We’re in a unique position in terms of providing surveillance, as we provide the diagnostic tests that can help collate that vital information.

It starts from the basic concept that knowledge is power. If you know what’s going on, then you can implement actions to address those issues. If you don’t, then you’re acting blind. Surveillance gives us the knowledge. In many countries, there is no knowledge of what’s going on. There are no records about antibiotic use or the amount of resistance. There are guesses about how bad AMR is, in both developed and non developed countries, but no concrete figures in many cases.

The key is to understand the extent of antibiotic usage, in both developed and lesser-developed countries, while also measuring the levels of resistance. We’re pushing for inclusion of resource-limited nations in our Global-PPS.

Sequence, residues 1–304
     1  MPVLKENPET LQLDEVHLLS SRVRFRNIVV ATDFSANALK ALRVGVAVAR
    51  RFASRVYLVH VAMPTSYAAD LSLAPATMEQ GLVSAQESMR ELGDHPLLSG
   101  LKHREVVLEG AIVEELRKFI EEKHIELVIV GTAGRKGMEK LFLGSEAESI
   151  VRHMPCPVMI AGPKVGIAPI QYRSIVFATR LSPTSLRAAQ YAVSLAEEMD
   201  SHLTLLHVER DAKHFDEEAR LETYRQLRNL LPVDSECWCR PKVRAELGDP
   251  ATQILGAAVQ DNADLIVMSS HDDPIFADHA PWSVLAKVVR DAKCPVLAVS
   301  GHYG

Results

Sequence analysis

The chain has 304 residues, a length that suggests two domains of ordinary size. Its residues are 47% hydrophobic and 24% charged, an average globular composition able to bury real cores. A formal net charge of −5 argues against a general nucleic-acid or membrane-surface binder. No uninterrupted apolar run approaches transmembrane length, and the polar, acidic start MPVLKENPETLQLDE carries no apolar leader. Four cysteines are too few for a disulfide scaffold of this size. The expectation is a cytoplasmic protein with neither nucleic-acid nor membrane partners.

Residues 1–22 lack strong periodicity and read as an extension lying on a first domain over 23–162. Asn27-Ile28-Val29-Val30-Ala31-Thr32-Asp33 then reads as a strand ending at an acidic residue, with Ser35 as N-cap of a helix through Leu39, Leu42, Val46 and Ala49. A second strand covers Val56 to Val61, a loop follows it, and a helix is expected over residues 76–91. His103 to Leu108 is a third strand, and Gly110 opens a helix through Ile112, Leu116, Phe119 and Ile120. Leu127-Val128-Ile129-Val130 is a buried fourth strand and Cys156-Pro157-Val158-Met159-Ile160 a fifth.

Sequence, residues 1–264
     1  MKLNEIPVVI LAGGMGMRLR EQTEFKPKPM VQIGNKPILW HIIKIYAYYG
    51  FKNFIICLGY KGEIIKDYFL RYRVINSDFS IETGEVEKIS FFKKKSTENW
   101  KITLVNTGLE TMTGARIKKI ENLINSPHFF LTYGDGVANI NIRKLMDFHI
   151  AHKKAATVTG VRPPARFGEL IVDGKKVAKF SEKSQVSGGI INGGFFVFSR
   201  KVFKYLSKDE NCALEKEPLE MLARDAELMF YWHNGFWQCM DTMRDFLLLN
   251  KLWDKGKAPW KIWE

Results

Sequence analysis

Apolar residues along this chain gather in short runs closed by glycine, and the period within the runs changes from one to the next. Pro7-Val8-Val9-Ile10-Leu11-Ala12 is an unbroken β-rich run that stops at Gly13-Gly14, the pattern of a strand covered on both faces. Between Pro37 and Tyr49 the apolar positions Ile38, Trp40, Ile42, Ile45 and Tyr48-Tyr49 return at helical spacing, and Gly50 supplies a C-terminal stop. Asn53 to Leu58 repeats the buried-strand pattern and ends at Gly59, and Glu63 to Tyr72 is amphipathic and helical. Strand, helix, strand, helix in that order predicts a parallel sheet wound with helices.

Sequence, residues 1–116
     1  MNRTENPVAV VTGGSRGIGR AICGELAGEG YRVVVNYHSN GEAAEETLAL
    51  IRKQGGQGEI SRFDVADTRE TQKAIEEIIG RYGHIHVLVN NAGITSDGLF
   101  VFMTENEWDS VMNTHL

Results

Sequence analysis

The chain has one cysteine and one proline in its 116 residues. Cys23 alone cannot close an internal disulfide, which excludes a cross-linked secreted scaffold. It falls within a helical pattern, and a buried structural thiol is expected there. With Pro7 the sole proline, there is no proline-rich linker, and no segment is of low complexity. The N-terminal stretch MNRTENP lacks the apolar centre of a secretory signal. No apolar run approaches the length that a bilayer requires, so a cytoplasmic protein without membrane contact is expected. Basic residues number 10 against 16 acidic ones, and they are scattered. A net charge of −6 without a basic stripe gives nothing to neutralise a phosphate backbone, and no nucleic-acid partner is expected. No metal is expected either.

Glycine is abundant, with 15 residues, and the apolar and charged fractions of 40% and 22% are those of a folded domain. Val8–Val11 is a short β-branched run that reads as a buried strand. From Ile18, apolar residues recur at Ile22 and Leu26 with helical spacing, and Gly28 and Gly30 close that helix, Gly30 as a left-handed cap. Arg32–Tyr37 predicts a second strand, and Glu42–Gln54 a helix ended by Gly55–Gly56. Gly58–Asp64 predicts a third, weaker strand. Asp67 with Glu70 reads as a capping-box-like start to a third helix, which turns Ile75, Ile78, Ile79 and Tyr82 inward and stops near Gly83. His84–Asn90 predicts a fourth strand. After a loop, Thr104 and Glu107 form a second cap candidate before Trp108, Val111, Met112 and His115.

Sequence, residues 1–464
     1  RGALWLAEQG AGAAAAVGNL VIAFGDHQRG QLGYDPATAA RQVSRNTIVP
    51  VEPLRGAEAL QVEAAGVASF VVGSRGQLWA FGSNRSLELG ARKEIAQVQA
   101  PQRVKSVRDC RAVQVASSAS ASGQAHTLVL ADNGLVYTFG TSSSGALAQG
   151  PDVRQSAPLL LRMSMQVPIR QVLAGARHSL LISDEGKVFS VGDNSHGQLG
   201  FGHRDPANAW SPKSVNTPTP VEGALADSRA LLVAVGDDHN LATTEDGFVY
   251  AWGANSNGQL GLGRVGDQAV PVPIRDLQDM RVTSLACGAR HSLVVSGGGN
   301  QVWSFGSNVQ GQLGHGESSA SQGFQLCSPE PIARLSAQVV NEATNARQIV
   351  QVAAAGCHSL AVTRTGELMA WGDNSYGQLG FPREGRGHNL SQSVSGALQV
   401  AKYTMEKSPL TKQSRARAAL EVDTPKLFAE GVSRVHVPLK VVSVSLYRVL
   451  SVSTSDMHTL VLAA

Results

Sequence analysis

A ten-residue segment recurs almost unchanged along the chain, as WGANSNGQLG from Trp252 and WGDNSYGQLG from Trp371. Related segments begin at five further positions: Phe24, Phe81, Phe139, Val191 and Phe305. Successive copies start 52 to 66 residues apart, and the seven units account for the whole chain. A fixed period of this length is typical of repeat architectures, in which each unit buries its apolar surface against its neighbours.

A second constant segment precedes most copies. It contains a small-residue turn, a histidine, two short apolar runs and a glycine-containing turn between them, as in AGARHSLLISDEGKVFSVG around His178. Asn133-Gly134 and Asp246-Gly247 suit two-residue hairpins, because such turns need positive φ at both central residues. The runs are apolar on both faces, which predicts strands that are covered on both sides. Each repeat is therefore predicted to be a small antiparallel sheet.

The information we collate is invaluable. Both the global surveillance work looking at antibiotic usage and the data regarding resistance generated by a web-based tool help build a clearer picture of the whole issue.

It’s then up to people to take that data and use it. Countries look to us to implement these initiatives and enable them to successfully monitor what the picture looks like in their region, which is vital. They can then harness that information and implement national action plans.

Rapid diagnostic tests are vital in reducing AMR

In my eyes, there are five key reasons why diagnostics play a substantial role in tackling AMR:

  1. On an individual basis, diagnostics will tell a physician what infection is occuring and what the  patient’s pathogen is susceptible to. They can help determine if antibiotics are needed and then choose the right antibiotics and ensure more targeted use of those drugs against the infection.